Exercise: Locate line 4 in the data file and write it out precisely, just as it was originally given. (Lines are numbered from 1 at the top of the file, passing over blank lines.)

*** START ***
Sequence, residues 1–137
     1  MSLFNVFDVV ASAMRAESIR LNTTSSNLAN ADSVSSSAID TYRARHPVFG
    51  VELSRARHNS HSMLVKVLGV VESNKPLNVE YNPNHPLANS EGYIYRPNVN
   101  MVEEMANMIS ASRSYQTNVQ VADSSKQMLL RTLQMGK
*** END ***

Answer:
   101  MVEEMANMIS ASRSYQTNVQ VADSSKQMLL RTLQMGK